Intel introduced the Intel 486SX chip in April to help bring a lower-cost processor to the PC (personal computer) market, selling for $258.00.

Microsoft released Visual Basic in May 1991.

Apple introduced System 7 operating system on May 13, 1991.

MS-DOS logo

Microsoft released Word 2.0 for PC, and version 5 for Mac in 1991.

MS-DOS 5.0 was released in June 1991.

Adobe Photoshop 2.0 was released in June 1991.

Apple released the PowerBook in October 1991.

Apple QuickTime was introduced on December 2, 1991.

Python was released in 1991.

HTTP/0.9 was introduced in 1991.

IBM pioneers first used MR (magnetoresistive) heads for disk drives with the 1 GB (gigabyte) 3.5-inch drive, which provided the highest areal density available at that time. The gigabyte drive set the stage for rapid increases in hard drive density.

IBM unveiled a new operating system software - AIX/ESA (Advanced Interactive Executive/Enterprise System Architecture) - for the System/390 family.

IBM released the IBM 9075 PCradio, a battery-powered personal computer for mobile workers to get information, order parts, and update customer records via radio, cellular, or telephone.

IBM introduced the IBM Personal System/2 L40 SX laptop computer. The 7.7 pound unit features a full-sized keyboard, 10-inch display screen, and a high-capacity disk drive.

Symantec released Norton antivirus software.

Dolby introduced AC-3.

The programming language FORTRAN (Formula Translation) 90 was created in 1991.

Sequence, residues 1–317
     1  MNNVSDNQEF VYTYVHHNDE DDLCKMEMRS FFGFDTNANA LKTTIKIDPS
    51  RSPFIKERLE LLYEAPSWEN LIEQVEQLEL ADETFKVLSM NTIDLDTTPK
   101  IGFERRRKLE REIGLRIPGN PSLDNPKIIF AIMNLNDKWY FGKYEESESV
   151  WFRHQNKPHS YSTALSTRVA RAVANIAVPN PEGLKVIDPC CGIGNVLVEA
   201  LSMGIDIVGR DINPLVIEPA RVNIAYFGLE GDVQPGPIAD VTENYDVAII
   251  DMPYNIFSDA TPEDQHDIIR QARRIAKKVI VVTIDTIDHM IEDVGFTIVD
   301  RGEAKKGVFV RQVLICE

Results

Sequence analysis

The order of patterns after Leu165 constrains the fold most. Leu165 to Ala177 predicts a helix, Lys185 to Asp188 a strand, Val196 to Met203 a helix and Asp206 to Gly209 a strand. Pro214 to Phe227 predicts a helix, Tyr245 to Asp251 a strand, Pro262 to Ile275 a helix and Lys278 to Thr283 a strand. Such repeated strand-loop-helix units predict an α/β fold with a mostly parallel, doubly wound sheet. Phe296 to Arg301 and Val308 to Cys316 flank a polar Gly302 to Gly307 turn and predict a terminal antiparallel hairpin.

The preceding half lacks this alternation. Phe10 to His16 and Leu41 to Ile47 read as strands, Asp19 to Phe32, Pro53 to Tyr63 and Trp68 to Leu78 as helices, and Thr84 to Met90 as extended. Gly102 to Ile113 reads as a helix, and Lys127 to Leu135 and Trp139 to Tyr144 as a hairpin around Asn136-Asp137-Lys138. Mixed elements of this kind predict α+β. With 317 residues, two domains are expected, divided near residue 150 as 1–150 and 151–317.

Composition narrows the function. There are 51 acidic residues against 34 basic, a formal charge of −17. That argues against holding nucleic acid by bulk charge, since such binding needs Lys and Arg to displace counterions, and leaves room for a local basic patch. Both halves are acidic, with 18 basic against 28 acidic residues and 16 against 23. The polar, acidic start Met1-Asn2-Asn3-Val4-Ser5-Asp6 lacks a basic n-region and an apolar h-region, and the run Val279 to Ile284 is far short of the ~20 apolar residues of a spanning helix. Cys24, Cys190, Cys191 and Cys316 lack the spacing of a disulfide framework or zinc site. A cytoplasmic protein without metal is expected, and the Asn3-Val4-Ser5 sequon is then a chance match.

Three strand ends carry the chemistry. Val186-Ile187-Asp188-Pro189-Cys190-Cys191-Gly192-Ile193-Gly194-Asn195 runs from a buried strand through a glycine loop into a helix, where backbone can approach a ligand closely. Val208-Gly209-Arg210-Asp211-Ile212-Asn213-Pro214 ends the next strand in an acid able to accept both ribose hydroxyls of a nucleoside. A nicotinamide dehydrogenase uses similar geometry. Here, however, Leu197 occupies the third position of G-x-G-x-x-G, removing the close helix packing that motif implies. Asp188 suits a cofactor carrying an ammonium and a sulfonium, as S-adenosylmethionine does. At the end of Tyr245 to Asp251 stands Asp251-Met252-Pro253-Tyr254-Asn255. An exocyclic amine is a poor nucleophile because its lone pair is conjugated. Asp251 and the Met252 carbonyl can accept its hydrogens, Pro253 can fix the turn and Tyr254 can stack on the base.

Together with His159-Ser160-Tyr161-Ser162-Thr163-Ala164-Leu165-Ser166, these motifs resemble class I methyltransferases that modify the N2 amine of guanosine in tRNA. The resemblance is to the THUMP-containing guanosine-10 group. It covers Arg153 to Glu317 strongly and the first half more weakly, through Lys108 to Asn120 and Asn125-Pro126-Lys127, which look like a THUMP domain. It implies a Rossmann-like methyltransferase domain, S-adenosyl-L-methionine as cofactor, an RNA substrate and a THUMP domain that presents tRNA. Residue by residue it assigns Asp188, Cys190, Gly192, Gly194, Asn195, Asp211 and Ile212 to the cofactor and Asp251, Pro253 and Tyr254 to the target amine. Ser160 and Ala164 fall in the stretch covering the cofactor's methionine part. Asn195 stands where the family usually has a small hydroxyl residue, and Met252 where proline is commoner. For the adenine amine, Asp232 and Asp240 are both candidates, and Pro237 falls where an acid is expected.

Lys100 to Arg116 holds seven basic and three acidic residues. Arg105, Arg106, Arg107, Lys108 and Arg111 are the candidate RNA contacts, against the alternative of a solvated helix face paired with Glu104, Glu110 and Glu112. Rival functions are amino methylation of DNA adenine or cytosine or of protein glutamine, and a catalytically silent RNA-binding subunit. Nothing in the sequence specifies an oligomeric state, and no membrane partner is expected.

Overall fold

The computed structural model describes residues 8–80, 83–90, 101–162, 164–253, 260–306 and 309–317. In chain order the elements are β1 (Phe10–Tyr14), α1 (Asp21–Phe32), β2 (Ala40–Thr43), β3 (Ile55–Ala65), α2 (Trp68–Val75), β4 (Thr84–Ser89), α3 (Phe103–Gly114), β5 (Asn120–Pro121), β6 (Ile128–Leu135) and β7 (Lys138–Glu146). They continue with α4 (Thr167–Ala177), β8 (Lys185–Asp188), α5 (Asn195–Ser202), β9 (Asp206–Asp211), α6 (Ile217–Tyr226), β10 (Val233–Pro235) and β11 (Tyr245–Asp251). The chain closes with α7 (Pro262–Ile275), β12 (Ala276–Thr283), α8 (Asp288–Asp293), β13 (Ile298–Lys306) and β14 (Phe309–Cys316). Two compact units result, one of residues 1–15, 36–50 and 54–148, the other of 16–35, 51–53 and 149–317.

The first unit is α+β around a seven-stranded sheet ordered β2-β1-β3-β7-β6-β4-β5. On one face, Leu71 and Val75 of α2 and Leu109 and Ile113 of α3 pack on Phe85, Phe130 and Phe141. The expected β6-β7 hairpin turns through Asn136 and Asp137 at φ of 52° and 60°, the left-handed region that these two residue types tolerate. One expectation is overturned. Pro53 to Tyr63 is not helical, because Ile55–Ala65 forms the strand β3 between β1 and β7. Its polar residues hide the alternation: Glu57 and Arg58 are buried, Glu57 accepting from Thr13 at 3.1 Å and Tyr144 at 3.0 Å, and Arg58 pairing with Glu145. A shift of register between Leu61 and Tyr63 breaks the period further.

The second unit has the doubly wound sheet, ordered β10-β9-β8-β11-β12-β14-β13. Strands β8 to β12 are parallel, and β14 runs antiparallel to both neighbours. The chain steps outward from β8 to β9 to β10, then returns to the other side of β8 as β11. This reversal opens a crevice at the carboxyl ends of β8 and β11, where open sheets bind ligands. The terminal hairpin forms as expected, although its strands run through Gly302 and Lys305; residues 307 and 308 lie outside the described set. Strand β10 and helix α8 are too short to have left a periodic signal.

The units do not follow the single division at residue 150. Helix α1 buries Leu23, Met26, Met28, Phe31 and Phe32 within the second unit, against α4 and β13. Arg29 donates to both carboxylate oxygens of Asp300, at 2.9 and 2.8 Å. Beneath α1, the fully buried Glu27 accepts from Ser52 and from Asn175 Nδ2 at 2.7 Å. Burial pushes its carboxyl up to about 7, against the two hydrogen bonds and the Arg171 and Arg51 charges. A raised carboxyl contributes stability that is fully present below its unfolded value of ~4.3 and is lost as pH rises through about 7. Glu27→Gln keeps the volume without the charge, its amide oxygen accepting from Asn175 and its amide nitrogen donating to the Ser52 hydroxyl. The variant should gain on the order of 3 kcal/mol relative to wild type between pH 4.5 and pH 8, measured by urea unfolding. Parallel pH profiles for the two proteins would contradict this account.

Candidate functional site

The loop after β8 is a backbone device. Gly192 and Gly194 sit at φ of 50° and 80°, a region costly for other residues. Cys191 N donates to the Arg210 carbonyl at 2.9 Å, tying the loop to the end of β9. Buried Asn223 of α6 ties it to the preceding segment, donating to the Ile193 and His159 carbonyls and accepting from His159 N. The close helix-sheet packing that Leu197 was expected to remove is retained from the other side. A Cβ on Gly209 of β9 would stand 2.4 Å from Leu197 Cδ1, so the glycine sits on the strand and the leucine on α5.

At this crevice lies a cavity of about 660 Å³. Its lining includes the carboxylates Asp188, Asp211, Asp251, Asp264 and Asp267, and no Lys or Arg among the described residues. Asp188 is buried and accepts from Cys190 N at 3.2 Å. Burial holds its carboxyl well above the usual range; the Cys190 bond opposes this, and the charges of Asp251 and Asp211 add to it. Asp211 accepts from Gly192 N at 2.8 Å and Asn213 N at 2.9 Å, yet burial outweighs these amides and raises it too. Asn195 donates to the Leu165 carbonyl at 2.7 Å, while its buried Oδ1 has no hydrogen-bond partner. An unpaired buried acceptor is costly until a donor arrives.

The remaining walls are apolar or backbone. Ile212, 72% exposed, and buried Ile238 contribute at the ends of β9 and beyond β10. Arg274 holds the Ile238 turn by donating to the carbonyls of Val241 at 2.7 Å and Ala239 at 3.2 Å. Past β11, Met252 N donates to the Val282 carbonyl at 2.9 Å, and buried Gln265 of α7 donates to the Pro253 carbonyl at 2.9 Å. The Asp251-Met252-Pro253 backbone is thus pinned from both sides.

The DLT (digital linear tape) tape drive was released as a reliable, high-speed, and high-capacity tape drive solution.

The EPP (enhanced parallel port) was developed by Intel, Xircom, and Zenith Data Systems.

TrueType, a scalable font, was introduced and developed by Microsoft, and Apple began being used on all Apple computers and Windows computers.

Gopher was introduced in 1991.

Internet domains that came online in 1991

Microsoft logo

The domain came online on May 2, 1991.

Computer companies founded in 1991

id Software was founded on February 1, 1991, and released its first game, Commander Keen.

Silicon & Synapse, which became Blizzard, was founded on February 8, 1991.

Following the sale of IBM's typewriter and keyboard business to Clayton & Dubilier, Inc., Lexmark was formed in March 1991. IBM had a 10 percent equity interest in the new company and would market many of its products.

Bungie was founded on May 7, 1991.

Advanced Logic Industries was founded in 1991.

Apache Micro Peripherals was founded in 1991.

AVG was founded in 1991.

Broadcom was founded in 1991.

BSDi (Berkeley Software Design, Inc.) was founded in 1991 by some leading CSRG computer scientists.

Dr Gerpheide, with James O'Callaghan, founded Circque in 1991, which commercialized the touchpad.

Cmedia was founded in 1991.

Caldera was founded in 1991.

Cyren was founded in 1991 by Gideon Mantel and Nahum Sharfman.

Dynatron was founded in 1991.

Epic Games was established in 1991.

Fujitsu Computer Products of America was founded in 1991.

HiSilicon was founded in 1991.

Intertex Electronics was founded in 1991.

IONA was founded in 1991.

Jetta was founded in 1991.

The reformed Mindscape company became operational in 1991.

Networth was founded in 1991.

Targa was established in 1991.

VoodooPC was founded in 1991.

Computer company events in 1991

Gary Kildall and other shareholders of DRI (Digital Research Inc.) sell all private shares to Novell.

Computer-related movies released in 1991

The movie Terminator 2 was released in the U.S. on July 1, 1991.

Computer pioneer deaths in 1991

John Bardeen

John Bardeen passed away on January 30, 1991 (Age: 82).

Derrick Lehmer passed away on May 22, 1991 (Age: 86).

Saul Rosen passed away on June 9, 1991 (Age: 69).